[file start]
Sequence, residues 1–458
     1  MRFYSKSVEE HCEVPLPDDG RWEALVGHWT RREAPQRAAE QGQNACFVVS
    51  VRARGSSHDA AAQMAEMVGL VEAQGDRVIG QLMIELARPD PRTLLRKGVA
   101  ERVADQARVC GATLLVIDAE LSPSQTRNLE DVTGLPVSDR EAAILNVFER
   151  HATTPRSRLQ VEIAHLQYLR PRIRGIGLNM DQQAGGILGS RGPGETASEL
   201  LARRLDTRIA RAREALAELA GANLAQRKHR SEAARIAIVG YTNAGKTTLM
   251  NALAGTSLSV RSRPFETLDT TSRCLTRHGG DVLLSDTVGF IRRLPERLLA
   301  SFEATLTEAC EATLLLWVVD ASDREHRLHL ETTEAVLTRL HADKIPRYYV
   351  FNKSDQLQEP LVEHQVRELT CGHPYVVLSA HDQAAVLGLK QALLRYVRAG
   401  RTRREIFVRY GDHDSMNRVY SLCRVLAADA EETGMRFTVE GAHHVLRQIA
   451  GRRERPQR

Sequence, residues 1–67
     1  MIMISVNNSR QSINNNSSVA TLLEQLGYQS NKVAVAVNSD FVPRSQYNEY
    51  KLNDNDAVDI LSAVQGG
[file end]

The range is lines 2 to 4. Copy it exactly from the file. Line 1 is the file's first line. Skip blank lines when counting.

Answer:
     1  MRFYSKSVEE HCEVPLPDDG RWEALVGHWT RREAPQRAAE QGQNACFVVS
    51  VRARGSSHDA AAQMAEMVGL VEAQGDRVIG QLMIELARPD PRTLLRKGVA
   101  ERVADQARVC GATLLVIDAE LSPSQTRNLE DVTGLPVSDR EAAILNVFER